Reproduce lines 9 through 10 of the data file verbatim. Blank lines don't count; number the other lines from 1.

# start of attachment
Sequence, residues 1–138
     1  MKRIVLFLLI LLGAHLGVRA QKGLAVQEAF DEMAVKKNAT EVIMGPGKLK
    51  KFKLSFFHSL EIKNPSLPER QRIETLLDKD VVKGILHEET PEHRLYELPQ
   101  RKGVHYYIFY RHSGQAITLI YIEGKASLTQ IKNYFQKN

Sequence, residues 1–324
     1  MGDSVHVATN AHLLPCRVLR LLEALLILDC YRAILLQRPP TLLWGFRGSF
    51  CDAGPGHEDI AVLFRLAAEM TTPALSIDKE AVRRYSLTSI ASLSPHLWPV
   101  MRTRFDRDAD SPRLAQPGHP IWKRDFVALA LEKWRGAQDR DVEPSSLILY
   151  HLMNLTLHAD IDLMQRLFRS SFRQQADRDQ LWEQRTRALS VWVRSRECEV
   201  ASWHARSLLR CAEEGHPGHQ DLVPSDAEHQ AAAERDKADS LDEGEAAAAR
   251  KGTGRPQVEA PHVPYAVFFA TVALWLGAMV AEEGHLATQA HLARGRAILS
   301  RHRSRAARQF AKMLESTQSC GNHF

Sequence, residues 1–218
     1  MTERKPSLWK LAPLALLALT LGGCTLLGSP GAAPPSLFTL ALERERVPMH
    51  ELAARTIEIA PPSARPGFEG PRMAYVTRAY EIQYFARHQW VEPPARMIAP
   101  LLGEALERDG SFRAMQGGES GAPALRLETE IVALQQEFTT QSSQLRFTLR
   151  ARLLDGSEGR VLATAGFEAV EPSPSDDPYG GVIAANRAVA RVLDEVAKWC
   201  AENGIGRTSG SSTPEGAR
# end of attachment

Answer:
   151  HLMNLTLHAD IDLMQRLFRS SFRQQADRDQ LWEQRTRALS VWVRSRECEV
   201  ASWHARSLLR CAEEGHPGHQ DLVPSDAEHQ AAAERDKADS LDEGEAAAAR